How will blockchain technology impact food supply chains?
When you hear the word “blockchain” you probably think of crypto currencies like Bitcoin or Ethereum. However, the technology has many potential use cases outside the financial sector. Innovations are emerging at every step of the food supply chain with the goal of revolutionising the way we produce, transport, and consume food.
Put simply, Blockchain technology is a system of storing information that makes if near impossible to change or destroy data recorded in the system.
The implications of this technology on food supply chains include improved traceability, food safety and environmental and social sustainability. Modern supply chains are complex and lack transparency. Consumers often do not know where their food was farmed or the conditions in which they produced. This has led to major food scandals such as the Tesco horse meat scandal in 2013.
International tech giant IBM is tackling this issue with the introduction of the IBM Food Trust, an ecosystem of producers, manufacturers, and retailers. Data on food products such as its place of origin and the sustainability of the farms are uploaded to the network by these participants creating a ledger ensuring the provenance of their products. The network utilises blockchain technology to ensure the validity of the data.
Major brands such as Carrefour, Walmart and Nestle gave signed up to the network to improve the traceability of their supply chains. However, this system relies on individuals inputting authentic data.
Figure 1: IBM Food Trust promises to deliver safer and more efficient food supplies thanks to its use of the blockchain technology.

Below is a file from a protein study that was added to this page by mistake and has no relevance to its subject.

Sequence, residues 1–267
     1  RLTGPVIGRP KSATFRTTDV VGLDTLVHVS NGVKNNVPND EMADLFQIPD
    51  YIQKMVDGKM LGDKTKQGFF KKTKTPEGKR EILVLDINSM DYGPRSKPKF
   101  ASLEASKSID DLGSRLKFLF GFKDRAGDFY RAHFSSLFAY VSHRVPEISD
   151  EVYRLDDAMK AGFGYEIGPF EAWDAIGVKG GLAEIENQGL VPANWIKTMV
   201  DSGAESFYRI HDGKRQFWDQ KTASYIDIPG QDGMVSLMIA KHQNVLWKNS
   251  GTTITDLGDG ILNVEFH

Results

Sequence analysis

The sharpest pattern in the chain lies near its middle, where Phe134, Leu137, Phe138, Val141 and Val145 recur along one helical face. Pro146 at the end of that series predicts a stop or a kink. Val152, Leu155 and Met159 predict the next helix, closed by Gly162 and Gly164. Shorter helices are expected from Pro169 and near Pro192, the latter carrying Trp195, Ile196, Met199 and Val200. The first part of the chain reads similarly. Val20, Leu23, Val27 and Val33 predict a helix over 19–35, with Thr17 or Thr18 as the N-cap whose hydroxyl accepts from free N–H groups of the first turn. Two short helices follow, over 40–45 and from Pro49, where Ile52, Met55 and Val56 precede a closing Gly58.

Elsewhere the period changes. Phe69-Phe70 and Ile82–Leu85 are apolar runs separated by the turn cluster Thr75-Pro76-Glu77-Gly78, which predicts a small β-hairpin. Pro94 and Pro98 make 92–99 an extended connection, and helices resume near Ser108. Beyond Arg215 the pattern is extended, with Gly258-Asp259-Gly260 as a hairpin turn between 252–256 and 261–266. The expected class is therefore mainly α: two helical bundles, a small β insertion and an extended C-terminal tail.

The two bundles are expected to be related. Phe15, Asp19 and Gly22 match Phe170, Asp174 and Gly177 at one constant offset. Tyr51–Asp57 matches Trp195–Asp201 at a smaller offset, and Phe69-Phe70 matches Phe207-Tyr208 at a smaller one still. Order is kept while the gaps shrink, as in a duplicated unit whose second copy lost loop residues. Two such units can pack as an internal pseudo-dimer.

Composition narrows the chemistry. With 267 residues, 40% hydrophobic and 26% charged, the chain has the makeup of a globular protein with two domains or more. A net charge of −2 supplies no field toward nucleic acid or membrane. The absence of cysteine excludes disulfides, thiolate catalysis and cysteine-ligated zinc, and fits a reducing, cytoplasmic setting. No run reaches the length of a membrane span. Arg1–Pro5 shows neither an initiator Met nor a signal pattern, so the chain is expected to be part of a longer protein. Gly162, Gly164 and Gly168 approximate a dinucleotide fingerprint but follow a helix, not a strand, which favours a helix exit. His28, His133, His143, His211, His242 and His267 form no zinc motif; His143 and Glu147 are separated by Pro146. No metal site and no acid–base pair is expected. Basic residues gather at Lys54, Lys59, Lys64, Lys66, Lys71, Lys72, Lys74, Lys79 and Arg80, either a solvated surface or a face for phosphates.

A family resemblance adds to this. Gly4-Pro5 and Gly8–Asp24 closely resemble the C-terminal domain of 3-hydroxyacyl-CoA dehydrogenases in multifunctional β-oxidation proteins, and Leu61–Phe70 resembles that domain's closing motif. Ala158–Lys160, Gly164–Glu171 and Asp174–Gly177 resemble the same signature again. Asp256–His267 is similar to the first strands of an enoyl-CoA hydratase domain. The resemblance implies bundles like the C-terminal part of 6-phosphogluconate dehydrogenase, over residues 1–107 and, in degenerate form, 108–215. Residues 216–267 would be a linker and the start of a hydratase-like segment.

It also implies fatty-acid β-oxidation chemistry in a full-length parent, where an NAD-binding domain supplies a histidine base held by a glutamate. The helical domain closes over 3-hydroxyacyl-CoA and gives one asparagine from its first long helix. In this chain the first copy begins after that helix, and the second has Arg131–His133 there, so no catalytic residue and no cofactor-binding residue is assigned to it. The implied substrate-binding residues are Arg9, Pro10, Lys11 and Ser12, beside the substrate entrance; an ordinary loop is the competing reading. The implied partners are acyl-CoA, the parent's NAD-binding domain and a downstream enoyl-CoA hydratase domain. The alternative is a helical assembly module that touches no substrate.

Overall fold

At production level, the technology is being used to improve working conditions and labour rights for farm workers. An estimated 24.9 million people are in forced labour, many of whom work in the agricultural sector.
Hong Kong tech company Diginex have developed a platform called eMin to combat this crisis. eMin is a platform for sharing employment contracts between workers and employers. This contract must be verified by both parties and the agreement is stored permanently on a blockchain and cannot be changed. This prevents farm workers from being exploited for their labour, the conditions of their agreement being changed and reduces their vulnerability to debt bondage to employers.
This system has been integrated into the VerifiK8 mobile application to improve social sustainability on Thai sugarcane farms. While it is a powerful tool, it must overcome the challenge of widespread adoption by remote smallholder farmers to create impact.
" Blockchain technology is a powerful tool that can empower at-risk populations and create trust in digital data. "
– Juliette Alemany, VerifiK8 Country Manager
Blockchain technology has the potential to revolutionise food supply chains. From improved traceability for major brands and consumers, to improved working conditions for farm workers in developing countries, there are implications for both upstream and downstream stakeholders. However, it must overcome challenges such as the widespread adoption of this technology and the reliance on individuals to input authentic data.